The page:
Essays by an assortment of individuals who have taken different paths to become philosophers offer a look at the nature of individuals driven to search for the meaning of truth.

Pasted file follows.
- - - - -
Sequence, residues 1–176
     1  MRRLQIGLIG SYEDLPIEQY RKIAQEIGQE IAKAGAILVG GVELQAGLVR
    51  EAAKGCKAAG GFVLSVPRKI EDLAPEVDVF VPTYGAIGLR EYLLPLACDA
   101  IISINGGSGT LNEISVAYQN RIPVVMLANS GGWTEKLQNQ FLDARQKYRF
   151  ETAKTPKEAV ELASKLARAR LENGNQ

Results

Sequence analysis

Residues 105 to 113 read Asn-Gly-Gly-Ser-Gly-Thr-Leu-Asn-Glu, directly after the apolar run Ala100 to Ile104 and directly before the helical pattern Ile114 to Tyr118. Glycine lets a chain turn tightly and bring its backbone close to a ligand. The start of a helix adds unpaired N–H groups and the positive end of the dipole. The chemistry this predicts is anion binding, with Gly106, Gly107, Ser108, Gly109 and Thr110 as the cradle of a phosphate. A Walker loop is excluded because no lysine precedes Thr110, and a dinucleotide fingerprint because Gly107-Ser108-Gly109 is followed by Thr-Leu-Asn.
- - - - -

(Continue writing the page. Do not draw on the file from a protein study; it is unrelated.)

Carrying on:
Aimed at both students and general readers, this collection of 62 short reminiscences by philosophy teachers contains many entertaining, insightful anecdotes about their engagement with this rigorous discipline. Lewis White Beck of the University of Rochester in upstate New York recalls that, when he was a teenager, reading Will Durant's The Story of Philosophy helped him discover that ``there had been others before me who had had the same kind of thoughts and had asked the same kind of questions.'' Angela Davis of San Francisco State University--one of the few recognizable names in the book--describes a college meeting with the legendary but accessible Herbert Marcuse. John Churchill of Hendrix College in Arkansas remembers how he almost converted a fellow college football player to pacifistic Taoism. Claudia Card of the University of Wisconsin-Madison, found that her academic focus changed once she acknowledged her lesbianism. Unfortunately, the brevity of most essays allows for little discussion of philosophy's varied topics or the issues at stake in the writers' professional lives. Karnos teaches philosophy at Eastern Montana College; Shoemaker is emeritus professor of philosophy at Hendrix College. (Mar.)